FORT MYERS, Fla. | It’s one of the most repeated quotes in golf, attributed to Bobby Jones, but it could have come from any of the game’s greats. “A good putter is a match for any man.”
Man, woman or child, the point is, putting masks a lot of mistakes. As Paul Azinger has told me more often than I can count, “If you can drive it great, wedge it great, and putt it great, you’ll have a Hall of Fame career.” Butch Harmon told me something similar, although in much more Harmonesque language. “The secret of golf is simple,” Butch said. “Don’t hit it out of bounds and putt like a madman.”
Which brings us to Saturday’s final round at the Drive On Championship where, moments after the final group teed off on the first hole, India’s Aditi Ashok rolled in a three-footer on the final green at Crown Colony Golf & Country Cub to shoot a career-low 63. With it, Ashok vaulted up the leaderboard from making the cut on the number to finishing inside the top 15.
It was all because of one club: the putter.
“I was putting really good,” Ashok said. “I made almost everything. Every chance I got, I made the putt, which was great.”
She finished the day with 23 putts. To put that into perspective, Inbee Park, one of the greatest putters in history, man or woman, led the LPGA Tour in putting last year. Her average was 28.71 putts per round. Lydia Ko, the putter every golfer wants to be, averaged 28.79 putts last year and was first on Tour in putts per green hit in regulation.
This week two years ago, Ko was ranked 46th in the Rolex Rankings. Today, she is no.3 in the world.
“Putting takes a lot of pressure off the rest of your game,” Ben Crenshaw told me some years back. It allows you to hit the occasional sweeping hook, as Ben did more than once.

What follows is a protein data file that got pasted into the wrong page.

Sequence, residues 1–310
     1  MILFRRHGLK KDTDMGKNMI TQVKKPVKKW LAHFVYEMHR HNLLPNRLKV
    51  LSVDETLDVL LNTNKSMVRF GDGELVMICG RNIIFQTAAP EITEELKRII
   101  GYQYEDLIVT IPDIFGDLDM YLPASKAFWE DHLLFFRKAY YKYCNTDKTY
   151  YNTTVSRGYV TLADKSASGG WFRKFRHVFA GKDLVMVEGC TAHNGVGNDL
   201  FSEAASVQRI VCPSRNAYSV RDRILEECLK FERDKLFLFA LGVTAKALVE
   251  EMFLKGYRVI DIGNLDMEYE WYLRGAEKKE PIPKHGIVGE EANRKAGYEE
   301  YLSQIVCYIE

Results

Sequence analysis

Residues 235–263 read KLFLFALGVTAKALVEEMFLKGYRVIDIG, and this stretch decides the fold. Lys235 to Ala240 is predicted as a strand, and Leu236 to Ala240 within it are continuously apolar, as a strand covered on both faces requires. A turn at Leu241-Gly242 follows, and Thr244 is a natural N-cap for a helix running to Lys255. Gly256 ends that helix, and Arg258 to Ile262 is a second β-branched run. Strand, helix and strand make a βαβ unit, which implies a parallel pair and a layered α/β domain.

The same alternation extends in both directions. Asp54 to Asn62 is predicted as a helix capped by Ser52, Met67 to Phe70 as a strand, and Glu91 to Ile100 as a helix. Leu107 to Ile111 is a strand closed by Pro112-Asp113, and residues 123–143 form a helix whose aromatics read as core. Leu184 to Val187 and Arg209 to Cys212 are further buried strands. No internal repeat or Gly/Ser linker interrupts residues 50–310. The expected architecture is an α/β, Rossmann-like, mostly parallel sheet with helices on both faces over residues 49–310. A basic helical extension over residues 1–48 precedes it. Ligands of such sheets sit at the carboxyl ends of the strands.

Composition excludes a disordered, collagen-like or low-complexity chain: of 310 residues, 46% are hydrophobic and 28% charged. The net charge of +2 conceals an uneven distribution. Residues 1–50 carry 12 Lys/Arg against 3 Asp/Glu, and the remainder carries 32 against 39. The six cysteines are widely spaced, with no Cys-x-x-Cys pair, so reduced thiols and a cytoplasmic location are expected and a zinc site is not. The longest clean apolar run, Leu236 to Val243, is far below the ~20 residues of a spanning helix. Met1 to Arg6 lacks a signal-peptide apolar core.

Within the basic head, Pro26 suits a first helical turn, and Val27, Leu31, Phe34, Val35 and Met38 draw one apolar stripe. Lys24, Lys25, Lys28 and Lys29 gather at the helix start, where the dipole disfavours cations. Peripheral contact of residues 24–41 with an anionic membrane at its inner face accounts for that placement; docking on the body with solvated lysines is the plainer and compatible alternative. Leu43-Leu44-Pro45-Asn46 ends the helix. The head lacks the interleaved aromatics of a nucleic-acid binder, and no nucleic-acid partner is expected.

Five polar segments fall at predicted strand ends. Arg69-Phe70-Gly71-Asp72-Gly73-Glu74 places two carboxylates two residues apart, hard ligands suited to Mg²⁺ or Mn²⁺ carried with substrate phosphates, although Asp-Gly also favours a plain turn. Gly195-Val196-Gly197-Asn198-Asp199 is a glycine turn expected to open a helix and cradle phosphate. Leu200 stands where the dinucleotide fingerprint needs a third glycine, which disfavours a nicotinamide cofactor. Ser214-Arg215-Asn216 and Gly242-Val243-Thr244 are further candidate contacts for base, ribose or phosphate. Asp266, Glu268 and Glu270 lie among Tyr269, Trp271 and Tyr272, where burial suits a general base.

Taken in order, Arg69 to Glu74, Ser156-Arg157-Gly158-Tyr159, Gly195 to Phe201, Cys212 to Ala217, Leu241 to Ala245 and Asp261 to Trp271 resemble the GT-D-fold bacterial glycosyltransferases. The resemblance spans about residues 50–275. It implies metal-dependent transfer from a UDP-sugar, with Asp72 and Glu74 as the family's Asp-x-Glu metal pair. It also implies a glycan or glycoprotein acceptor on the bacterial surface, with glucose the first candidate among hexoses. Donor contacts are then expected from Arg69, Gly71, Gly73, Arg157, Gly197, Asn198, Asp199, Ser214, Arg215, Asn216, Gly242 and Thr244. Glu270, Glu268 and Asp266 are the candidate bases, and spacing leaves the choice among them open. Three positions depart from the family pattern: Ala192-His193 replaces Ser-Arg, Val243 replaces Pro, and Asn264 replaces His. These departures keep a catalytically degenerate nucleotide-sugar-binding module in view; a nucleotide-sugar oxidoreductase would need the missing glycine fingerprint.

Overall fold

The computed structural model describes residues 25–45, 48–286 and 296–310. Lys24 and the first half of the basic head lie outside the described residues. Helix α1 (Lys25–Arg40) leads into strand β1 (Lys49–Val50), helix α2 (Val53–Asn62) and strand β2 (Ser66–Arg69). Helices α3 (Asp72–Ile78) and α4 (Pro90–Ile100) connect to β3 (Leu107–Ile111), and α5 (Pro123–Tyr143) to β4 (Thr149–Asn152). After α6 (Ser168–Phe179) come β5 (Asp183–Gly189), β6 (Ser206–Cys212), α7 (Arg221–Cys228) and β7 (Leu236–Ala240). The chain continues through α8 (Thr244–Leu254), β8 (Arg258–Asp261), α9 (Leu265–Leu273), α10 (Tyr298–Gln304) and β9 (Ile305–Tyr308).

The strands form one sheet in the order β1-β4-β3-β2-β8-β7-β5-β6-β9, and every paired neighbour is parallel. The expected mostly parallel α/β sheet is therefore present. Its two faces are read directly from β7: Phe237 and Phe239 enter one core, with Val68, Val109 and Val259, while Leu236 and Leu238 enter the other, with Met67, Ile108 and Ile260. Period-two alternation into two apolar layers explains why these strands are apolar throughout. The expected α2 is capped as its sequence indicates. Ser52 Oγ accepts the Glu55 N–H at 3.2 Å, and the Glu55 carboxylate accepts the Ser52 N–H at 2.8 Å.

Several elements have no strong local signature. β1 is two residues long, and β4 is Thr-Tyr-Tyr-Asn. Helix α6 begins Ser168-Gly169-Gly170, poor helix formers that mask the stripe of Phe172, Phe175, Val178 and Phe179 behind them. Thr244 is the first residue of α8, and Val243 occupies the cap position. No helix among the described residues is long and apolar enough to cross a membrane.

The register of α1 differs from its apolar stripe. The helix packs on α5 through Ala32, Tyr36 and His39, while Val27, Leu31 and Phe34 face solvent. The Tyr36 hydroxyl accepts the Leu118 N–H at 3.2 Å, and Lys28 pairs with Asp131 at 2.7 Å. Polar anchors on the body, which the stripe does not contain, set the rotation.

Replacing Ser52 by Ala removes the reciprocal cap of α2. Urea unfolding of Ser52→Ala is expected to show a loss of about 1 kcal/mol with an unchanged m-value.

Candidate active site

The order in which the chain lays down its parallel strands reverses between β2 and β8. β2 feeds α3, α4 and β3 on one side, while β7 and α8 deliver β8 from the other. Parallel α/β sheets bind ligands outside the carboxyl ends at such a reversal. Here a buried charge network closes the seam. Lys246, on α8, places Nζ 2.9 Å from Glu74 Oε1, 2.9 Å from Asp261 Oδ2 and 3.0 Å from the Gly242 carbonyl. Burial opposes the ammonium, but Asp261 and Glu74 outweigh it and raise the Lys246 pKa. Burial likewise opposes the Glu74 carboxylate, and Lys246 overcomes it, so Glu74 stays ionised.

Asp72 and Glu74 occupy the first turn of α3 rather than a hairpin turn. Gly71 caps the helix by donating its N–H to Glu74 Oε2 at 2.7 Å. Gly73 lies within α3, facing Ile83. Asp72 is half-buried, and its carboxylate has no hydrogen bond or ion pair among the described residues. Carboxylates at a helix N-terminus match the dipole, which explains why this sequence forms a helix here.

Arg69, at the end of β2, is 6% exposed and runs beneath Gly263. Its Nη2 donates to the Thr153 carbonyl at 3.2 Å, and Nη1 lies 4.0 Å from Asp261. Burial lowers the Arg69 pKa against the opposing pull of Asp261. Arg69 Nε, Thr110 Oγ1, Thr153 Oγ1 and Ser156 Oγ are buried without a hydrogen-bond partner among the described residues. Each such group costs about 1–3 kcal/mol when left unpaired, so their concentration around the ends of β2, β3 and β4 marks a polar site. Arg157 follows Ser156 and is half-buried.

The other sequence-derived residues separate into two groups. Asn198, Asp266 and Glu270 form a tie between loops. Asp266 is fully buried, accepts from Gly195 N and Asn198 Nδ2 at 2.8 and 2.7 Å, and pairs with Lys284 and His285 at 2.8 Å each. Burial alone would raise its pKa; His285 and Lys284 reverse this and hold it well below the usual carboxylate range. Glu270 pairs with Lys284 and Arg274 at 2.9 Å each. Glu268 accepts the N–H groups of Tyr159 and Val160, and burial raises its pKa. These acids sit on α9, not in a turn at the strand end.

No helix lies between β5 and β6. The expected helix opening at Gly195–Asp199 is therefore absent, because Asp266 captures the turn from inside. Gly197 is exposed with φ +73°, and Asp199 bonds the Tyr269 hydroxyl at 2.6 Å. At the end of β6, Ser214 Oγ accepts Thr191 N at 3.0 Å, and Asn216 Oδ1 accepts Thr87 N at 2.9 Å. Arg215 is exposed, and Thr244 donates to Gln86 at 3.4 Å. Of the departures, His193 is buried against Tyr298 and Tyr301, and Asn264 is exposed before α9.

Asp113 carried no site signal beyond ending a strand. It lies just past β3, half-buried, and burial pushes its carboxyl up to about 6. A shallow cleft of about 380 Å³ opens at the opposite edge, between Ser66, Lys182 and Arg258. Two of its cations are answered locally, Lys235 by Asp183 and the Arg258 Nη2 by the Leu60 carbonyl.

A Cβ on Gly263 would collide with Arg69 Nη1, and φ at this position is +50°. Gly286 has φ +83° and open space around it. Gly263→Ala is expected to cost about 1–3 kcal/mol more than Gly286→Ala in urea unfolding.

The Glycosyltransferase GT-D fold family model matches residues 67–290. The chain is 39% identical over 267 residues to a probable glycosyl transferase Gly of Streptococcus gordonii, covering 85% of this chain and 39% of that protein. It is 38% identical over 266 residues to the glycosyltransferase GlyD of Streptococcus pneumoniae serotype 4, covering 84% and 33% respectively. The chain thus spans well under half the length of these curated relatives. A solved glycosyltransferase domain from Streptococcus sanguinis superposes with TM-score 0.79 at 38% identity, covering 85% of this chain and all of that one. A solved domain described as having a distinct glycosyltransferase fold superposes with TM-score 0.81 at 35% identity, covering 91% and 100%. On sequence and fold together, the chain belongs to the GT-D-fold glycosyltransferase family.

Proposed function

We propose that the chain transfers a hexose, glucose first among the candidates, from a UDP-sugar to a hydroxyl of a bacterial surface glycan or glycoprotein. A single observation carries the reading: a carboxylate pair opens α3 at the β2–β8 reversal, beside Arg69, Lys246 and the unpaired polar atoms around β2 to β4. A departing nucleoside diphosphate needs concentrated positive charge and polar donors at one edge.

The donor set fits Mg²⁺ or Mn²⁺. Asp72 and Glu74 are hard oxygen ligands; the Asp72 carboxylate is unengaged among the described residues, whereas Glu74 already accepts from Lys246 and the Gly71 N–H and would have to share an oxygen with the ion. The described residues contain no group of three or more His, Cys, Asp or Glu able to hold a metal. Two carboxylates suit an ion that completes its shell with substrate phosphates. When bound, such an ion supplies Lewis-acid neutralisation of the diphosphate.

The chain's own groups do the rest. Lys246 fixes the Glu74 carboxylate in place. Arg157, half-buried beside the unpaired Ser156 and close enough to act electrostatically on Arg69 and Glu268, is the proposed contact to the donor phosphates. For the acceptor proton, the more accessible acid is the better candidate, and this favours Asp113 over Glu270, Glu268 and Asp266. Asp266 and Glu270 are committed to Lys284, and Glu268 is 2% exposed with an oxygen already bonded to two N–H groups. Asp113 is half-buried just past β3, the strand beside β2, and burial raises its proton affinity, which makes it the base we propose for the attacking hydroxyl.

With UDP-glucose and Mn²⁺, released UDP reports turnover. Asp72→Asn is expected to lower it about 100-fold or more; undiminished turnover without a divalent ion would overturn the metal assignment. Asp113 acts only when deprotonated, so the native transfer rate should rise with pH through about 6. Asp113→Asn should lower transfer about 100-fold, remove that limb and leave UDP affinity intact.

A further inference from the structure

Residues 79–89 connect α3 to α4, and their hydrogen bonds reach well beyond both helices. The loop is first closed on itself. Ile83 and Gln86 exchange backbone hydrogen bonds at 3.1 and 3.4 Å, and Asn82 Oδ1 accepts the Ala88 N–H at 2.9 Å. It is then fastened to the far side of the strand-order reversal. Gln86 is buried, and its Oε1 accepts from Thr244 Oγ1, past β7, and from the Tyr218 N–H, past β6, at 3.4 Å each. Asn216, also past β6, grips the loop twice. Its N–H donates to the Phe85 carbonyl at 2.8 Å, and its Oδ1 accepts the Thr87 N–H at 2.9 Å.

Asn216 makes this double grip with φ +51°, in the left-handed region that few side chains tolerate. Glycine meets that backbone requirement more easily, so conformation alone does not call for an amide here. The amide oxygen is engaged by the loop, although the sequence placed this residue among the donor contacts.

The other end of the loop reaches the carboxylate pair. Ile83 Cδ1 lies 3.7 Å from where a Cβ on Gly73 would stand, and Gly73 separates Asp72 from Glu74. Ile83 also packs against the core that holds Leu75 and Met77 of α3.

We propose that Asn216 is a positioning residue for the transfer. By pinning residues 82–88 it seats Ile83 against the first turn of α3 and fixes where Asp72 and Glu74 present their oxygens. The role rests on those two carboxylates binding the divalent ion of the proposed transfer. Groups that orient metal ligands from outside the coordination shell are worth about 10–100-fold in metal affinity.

“I wasn't hitting it as good as I wanted to,” Ashok said on Saturday. “I feel like I was not in control most of the time, so I was holing like 10-, 20-footers. Still, the putting worked, so it was a good day.”
Those are not words you hear often when a player posts 9-under par for a round. But it goes to show you the power of a hot putter.
“I think I was kind of playing with a draw. Well, I was calling it a hook, but my dad was being nice. He was calling it a draw,” Ashok said. “I was turning the ball right-to-left a lot. After a couple holes I was just like, ‘I have to play with it today.’ I think it worked well.”
She made some long ones, a couple of 25-footers and at least one on 17 that was 30 feet.
“That's not usual for me,” she said. “Those you're just trying to make a two-putt.”
It’s not often that you think you left some out there when you post a career low, but Ashok also said, “I still missed three putts which were 10 to 15 feet. When I think about that, if I just look at my percentage, 10 to 15 feet, I guess it's obviously great, but I still missed three of them where they were kind of similar putts that I had the whole day.
“I'm greedy, so I feel like I should have made those three. But it was still a good putting day for me.
“I feel like the last few years, every time I’ve had a hot start, I haven't really kept it going. I've kind of tried to guard the score. So, I was just telling myself to not think about the score and just birdie every hole I can. I was trying to birdie every hole. I think the aggressive mindset is what did it for me.”
She also hit 14 greens in regulation, a good but not extraordinary number, which, once again proves that a magic putter is worth its weight in gold.
“I think hitting the greens is what does it for me, because I've always been a good putter,” Ashok said. “It's just when you're putting for par, it's hard to make a score. So, I I've been working a lot on hitting greens. I did that last week at Gainbridge and today, obviously.
“I think that's a key for me going into this year.”
A 63 is also a big confidence boost for a player still looking to find her place on the LPGA Tour.
“Obviously, I know I have it in me,” she said. “I finished 10-under over three days. Nine of those birdies were on one day, so I know I have the good scores in me. It's just about putting three or four good rounds together.
“I'm playing with the best girls in the world so it's hard every week. If I can do my best, I think it's good enough out here.
“I spent like four or five years thinking that my game wasn't as good. I think a few years ago I wouldn't even think that a 63 was possible. I think that belief in myself that I can shoot low numbers on this tour is what is taking me forward.”
Belief and a solid putter: together they can take you a long way in this game.